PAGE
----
Russia? China? No. The rising world superpower is the billionaire class. Our problem, says Sean McFate, is that we’re still thinking in nation states.
Nation states have only existed for the last 300-400 years. Before that, wealthy groups – tribes, empires, aristocracies, etc – employed mercenaries to wage private wars.
As wealth inequality reaches combustion point, we could land back in the status quo ante of the Middle Ages. Who will our overlords be? Any or all of the 26 ultra-rich billionaires who own as much as the world’s 3.8 billion poorest. What about Fortune 500, which is more powerful than most of the states in the world? Random billionaires, multinational corporations, and the extractive industry may buy armies and wage war on their own terms.
Dr. Sean McFate is an adviser to Oxford University’s Centre for Technology and Global Affairs, as well as a professor of strategy at the National Defense University and Georgetown University’s School of Foreign Service in Washington, DC. Additionally, he is the author of several books, including Shadow War, The New Rules of War, and The Modern Mercenary.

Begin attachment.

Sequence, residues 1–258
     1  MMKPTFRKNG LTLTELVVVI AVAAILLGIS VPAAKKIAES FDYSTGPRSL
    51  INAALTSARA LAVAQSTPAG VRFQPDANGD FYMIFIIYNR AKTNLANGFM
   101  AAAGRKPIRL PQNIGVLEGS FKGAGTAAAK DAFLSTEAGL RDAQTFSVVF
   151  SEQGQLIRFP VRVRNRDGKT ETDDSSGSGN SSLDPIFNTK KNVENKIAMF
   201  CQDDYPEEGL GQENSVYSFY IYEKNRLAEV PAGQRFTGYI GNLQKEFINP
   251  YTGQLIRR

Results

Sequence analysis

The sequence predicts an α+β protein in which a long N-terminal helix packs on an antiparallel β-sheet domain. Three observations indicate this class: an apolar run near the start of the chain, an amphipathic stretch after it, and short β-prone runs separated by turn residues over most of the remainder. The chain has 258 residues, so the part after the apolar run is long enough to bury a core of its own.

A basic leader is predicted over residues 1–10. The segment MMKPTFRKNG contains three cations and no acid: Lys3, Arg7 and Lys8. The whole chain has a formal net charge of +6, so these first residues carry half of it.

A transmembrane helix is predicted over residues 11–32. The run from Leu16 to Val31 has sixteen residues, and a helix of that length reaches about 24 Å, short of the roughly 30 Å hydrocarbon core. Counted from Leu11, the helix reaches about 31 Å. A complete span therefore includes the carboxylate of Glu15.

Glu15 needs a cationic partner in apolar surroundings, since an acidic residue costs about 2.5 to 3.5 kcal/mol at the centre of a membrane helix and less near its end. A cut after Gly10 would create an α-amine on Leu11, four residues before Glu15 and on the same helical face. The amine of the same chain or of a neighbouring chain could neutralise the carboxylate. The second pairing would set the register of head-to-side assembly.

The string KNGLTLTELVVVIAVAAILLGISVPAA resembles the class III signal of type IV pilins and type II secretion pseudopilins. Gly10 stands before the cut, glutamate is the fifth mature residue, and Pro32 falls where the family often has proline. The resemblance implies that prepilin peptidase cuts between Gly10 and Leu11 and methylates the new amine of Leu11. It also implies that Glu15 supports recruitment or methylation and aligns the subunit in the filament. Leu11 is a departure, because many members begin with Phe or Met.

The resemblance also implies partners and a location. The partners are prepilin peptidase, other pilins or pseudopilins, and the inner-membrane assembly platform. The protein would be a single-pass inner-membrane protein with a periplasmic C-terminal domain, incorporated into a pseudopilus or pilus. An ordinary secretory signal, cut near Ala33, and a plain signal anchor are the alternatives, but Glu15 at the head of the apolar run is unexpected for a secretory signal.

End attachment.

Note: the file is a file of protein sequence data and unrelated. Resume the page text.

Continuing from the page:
SEAN MCFATE: The United States, especially, has been now accustomed, for 25 years, as being the universal and unitary superpower. That’s not going to last forever. I think most people know this, even though some may be in cognitive dissonance over this. The truth is there are rising powers like Russia and China, but there are other rising powers too. One of our problems is that we live in a state-centric view of the universe. International relations, for most of us, is run by states. Nation states are the global, political unit of the international order. And this is what we learn in social studies as kids. But that is actually not the way the world has worked for most of human history. States are actually about 300 or 400 years old. Before there were states, there were empires, and there were tribes, and everything else. The reign of states and only states can wage war legitimately that is coming to a close. We’re actually going back to the status quo ante of when global order was a free-for-all of like the Middle Ages of antiquity, to what came before. And one of the things of that free-for-all is that: Who else were superpowers? It wasn’t just states. So in the Middle Ages, the papacy was a superpower. Rich aristocracies were superpowers. Are we going back this world again?